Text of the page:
LB-Scooby Wright III

Discussion in 'College Football Stars' started by TwentyTwo, Nov 21, 2014.

  1. TwentyTwo

    TwentyTwo Master

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    Nice article on Scooby Wright III who is a Nagurski Award Finalist & as just mentioned as one of Four Finalist for the 2014 Lombardi Award!

    At 6'-1" 246 it did not take a half of football on August 30th's Season Opening game post on Arizona Wildcats thread.... to realize he was a Special Player who will be in the NFL & wreck havoc like young studs Paul Worrilow & Chris Borland are doing! Dude plays with a chip on his shoulders!

    Great story on his payback to the Cal Bears who were NOT interested in him out of HS...He went ahead and made them sorry when he recorded 18 tackles, including four for loss and two sacks, and a forced fumble in Arizona's win vs the Bears.
    He also ripped & stole the ball out of Marcus Mariota's arms at the end of 4th qtr. to seal the deal in their Win vs the Ducks!

    Scooby Wright, the underdog, is the face of Arizona football
    Scooby the Underdog wasn't supposed to be a five-star recruit.

    His story still could have turned out well, perhaps really well, if such a rating had been bestowed upon him. Phillip Wright III still had enough drive, enough work ethic, enough "Humble Scooby," as Arizona teammate Will Parks says, to be great if everyone thought he would be great.

    But would he be this great? Would Arizona's sophomore linebacker be a front-runner for Pac-12 defensive player of the year, a guaranteed All-American, and a finalist for the national defensive player of the year (Nagurski Trophy) and the Lombardi Award, if he heard how good he would be in recruiting? Would he be the face of an overachieving team, ranked 15th nationally, filled with similarly overlooked players?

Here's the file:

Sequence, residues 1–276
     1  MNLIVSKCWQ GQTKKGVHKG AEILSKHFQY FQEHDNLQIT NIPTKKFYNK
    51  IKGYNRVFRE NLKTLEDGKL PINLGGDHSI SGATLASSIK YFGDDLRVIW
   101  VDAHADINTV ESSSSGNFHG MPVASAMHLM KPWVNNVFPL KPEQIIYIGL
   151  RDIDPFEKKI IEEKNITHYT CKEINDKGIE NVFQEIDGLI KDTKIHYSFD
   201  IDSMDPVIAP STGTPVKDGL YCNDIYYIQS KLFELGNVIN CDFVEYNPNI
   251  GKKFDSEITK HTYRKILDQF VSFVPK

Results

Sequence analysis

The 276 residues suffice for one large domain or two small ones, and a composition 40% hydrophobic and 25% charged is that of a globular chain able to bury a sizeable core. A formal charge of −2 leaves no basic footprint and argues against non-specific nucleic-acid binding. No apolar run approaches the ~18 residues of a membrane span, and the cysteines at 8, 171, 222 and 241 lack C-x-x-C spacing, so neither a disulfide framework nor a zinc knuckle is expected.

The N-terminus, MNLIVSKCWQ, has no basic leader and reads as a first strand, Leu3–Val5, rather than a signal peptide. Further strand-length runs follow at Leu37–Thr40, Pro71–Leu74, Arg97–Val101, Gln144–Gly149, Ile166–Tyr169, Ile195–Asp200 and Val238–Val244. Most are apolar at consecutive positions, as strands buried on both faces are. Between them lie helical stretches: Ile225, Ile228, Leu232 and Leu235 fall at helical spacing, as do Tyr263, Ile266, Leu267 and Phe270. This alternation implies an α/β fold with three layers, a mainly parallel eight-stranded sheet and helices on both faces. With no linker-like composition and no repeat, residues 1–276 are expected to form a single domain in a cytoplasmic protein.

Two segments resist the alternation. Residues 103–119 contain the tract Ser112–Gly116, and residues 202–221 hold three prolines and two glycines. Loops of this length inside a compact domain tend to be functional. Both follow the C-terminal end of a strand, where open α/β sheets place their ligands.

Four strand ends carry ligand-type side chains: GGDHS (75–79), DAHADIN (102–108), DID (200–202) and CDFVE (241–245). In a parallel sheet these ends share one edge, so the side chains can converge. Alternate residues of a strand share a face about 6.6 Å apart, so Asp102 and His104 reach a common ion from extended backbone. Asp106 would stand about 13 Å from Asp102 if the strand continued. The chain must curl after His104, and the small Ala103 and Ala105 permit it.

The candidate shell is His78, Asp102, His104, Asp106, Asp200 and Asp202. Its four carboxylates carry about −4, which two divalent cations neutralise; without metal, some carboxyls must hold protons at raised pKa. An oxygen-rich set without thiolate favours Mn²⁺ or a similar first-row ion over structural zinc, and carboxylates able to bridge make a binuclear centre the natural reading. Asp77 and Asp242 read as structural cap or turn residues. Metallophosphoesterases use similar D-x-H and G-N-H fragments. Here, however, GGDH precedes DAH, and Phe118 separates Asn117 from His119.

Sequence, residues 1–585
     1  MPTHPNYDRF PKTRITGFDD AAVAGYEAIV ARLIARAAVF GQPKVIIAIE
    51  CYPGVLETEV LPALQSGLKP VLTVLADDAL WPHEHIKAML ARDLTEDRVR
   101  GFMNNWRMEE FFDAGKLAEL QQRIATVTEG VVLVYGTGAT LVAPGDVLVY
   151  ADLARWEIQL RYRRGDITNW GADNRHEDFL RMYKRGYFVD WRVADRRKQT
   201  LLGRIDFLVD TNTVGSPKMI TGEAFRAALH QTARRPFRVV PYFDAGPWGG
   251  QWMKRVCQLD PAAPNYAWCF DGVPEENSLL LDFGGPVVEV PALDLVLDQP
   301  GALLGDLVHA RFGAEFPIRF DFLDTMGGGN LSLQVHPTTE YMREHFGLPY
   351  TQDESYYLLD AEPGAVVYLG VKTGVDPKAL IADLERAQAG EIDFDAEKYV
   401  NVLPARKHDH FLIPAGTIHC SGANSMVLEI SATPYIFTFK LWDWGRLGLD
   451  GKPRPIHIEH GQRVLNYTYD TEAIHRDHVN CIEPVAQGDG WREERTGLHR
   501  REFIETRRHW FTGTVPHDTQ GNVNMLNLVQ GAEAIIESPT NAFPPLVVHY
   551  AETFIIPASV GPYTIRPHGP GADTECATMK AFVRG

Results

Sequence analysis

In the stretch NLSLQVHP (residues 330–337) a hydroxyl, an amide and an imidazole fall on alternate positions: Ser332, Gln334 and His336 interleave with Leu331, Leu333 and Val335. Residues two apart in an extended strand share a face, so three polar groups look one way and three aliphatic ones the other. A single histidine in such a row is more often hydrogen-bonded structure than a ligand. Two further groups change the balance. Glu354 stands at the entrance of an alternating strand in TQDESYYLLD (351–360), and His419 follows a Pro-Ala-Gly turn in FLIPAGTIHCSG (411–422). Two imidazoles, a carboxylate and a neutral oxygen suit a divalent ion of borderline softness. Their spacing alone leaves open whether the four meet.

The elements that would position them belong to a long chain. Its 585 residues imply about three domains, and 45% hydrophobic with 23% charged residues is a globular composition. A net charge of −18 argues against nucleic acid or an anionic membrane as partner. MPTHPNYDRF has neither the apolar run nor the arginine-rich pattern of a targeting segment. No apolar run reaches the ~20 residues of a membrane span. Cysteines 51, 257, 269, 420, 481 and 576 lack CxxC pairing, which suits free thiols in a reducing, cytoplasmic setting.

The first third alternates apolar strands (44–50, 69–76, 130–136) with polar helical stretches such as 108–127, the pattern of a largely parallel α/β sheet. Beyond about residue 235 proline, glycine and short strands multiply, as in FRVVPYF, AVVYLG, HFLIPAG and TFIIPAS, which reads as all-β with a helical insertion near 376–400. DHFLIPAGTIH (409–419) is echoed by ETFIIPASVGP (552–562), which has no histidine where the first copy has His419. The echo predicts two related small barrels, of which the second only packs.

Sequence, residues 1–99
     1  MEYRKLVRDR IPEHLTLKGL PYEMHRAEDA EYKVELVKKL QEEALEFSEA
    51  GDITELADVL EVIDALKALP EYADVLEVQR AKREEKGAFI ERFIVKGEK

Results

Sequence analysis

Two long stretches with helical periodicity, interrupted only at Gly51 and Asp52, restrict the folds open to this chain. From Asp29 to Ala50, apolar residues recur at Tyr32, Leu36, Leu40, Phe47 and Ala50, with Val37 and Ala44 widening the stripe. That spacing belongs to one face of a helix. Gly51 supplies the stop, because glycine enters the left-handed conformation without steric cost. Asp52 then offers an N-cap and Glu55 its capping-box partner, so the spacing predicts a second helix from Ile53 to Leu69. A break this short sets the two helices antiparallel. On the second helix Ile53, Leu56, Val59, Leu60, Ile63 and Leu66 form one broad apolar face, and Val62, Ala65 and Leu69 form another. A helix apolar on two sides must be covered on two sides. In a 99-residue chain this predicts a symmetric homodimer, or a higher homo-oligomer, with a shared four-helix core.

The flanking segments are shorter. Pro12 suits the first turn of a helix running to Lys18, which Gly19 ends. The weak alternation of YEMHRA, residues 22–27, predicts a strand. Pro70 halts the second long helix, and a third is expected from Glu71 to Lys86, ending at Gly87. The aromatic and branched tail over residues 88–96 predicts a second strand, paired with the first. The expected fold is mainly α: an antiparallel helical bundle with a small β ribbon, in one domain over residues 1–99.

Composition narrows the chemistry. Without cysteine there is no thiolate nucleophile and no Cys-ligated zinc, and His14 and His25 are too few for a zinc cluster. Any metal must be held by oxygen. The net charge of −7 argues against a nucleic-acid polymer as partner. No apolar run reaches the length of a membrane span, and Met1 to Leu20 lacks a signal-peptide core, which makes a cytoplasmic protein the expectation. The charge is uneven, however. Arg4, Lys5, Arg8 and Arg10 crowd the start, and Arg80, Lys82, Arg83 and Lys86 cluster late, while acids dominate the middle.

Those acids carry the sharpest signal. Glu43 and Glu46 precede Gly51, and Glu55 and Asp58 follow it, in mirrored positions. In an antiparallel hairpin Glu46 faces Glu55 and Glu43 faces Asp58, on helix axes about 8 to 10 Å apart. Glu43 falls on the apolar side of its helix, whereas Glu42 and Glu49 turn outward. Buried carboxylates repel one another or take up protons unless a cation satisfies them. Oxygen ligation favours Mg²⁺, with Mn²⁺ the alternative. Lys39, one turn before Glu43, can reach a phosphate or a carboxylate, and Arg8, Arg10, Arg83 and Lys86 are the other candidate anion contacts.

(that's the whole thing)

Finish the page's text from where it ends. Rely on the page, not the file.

"I told our staff," Arizona coach Rich Rodriguez said, "we've got to find as many Scooby Wrights as we can. Whatever he was so-called out of high school, you can't say he wasn't a five-star for us."


    Wright was a two-star recruit, as his Twitter handle, @twostarscoob, reminds everyone, especially the Pac-12 coaches who viewed him that way coming out of Cardinal Newman High School in Santa Rosa, California. A recruiting process that brought more angst and anger than enjoyment didn't light the fire inside Wright, but it fans the flames every time he plays.

    Cal didn't want him. He recorded 18 tackles, including four for loss and two sacks, and a forced fumble in Arizona's win against the Bears.
    Washington dragged its feet. Scooby's answer: 11 tackles, 1.5 for loss, in last Saturday's win.

    "He plays with that chip," said Matt Dudek, Arizona's director of on-campus recruiting and player personnel. "Like, 'I wasn't good enough for you. Now I'm going to have 19 tackles against you. I'm going to steal the ball three times.'"

    When Arizona offered a scholarship in June 2012, Wright had been scheduled to attend camps at Oregon and UCLA. He thought: They never gave me the time of day. Why would I go?

    He ended an upset of Oregon on Oct. 2 with a sack-strip-recovery against star quarterback Marcus Mariota. Arizona lost to UCLA, but Wright recorded 19 tackles, 4.5 for loss and three sacks. His numbers against the Pac-12: 84 tackles, 18 tackles for loss, 10 sacks, and five forced fumbles.